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ymptoms and Complications Pulmonary Tuberculosis: Cough is the most common symptom of tuberculosis.

Because the disease develops slowly, infected people at first may blame the cough on smoking, a recent episode of flu, the common cold, or asthma. The cough may produce a small amount of green or yellow sputum in the morning. Eventually, the sputum may be streaked with blood, although large amounts of blood are rare. People may awaken in the night and be drenched with a cold sweat, with or without fever. Sometimes there is so much sweat that people have to change nightclothes or even the bed sheets. However, tuberculosis does not always cause night sweats, and many other conditions can cause night sweats. People also feel generally unwell, with decreased energy and appetite. Weight loss often occurs after they have been ill for a while. Rapidly developing shortness of breath plus chest pain may signal the presence of air (pneumothoraxsee Pleural Disorders: Pneumothorax) or fluid (pleural effusion) in the space between the lungs and the chest wall (see Pleural Disorders: Pleural Effusion). About one third of tuberculosis infections first show up as pleural effusion. Eventually, many people with untreated tuberculosis develop shortness of breath as the infection spreads in the lungs. Extrapulmonary Tuberculosis: The kidneys and lymph nodes are probably the most common sites for tuberculosis that develops outside the lungs. Tuberculosis can also affect the bones, brain, abdominal cavity, membrane around the heart (pericardium), joints (especially weightbearing joints, such as the hips and knees), and reproductive organs. Tuberculosis in these areas can be difficult to diagnose. Infectious Arthritis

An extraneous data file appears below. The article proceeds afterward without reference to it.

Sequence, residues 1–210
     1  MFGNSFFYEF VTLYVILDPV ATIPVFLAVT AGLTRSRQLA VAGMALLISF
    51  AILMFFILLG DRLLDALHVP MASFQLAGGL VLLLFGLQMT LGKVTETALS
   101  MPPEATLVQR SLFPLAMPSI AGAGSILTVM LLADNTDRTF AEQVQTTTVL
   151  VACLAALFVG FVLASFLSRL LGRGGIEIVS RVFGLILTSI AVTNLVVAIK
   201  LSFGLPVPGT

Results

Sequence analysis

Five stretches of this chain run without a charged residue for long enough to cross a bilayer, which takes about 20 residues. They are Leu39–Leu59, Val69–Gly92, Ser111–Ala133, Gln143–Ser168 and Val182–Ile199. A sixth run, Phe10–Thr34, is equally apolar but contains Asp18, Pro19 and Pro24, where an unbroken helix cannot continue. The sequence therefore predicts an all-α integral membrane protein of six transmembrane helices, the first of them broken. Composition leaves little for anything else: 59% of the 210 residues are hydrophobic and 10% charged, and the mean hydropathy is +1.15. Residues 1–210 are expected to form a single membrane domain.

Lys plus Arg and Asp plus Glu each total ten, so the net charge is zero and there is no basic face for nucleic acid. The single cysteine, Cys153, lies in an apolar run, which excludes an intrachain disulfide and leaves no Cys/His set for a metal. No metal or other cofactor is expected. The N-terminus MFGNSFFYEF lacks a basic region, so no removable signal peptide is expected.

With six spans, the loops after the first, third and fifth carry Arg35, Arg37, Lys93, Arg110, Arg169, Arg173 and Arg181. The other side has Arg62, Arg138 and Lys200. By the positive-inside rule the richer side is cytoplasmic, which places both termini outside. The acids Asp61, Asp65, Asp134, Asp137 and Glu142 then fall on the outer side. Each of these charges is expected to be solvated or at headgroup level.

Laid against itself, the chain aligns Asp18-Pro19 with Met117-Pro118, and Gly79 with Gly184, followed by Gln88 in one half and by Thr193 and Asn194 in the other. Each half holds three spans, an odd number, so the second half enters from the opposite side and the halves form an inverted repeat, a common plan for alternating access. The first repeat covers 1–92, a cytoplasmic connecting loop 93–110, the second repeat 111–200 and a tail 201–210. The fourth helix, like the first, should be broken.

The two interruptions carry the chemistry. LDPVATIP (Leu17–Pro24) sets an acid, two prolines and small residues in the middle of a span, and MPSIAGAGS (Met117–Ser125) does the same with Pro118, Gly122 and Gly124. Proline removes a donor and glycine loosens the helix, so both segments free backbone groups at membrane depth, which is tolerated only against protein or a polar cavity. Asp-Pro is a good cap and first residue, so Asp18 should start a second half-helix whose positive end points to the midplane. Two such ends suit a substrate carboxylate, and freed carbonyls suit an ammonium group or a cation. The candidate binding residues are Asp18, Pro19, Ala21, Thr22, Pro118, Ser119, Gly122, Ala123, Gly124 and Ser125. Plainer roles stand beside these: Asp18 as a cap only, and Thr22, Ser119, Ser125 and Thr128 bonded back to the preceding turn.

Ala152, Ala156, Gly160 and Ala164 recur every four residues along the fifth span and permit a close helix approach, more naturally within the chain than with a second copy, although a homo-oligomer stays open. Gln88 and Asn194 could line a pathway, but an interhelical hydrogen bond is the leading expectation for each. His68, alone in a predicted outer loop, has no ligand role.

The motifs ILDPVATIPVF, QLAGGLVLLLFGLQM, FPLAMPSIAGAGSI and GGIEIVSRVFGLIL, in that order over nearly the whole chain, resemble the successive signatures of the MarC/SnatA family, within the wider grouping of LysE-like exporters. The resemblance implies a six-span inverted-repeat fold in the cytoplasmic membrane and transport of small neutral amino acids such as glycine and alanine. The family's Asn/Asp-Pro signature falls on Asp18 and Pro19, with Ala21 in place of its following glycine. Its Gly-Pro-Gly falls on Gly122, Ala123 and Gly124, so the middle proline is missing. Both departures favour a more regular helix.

Symptoms of extrapulmonary tuberculosis are vague, usually with fatigue, poor appetite, intermittent fevers, sweats, and possibly weight loss. Sometimes the infection causes pain, discomfort, a collection of pus (abscess), or other symptoms, depending on the area involved:

Lymph nodes: In a new tuberculosis infection, the bacteria may travel from the lungs to the lymph nodes that drain the lungs. If the body's natural defenses can control the infection, it goes no further, and the bacteria become dormant. However, very young children have weaker defenses, and in them, these lymph nodes may become large enough to compress the bronchial tubes, causing a brassy cough and possibly a collapsed lung. Occasionally, bacteria spread up the lymph vessels to the lymph nodes in the neck. An infection in lymph nodes in the neck may break through the skin and discharge pus.

Brain: Tuberculosis that infects the tissues covering the brain (tuberculous meningitis) is life threatening. In the United States and other developed countries, tuberculous meningitis most commonly occurs among older people or people with a weakened immune system. In developing countries, tuberculous meningitis is most common among children from birth to age 5. Symptoms include fever, constant headache, neck stiffness, nausea, and drowsiness that can lead to coma. Tuberculosis may also infect the brain itself, forming a mass called a tuberculoma. The tuberculoma may cause symptoms such as headaches, seizures, or muscle weakness. Pericardium: In tuberculous pericarditis, the pericardium thickens and sometimes leaks fluid into the space between the pericardium and the heart. These effects limit the heart's ability to pump and cause swollen neck veins and difficulty breathing. In parts of the world where tuberculosis is common, tuberculous pericarditis is a common cause of heart failure. Intestine: Intestinal tuberculosis occurs mainly in developing countries. This infection may not cause any symptoms but can cause abnormal swelling of tissues in the abdomen. This swelling may be mistaken for cancer.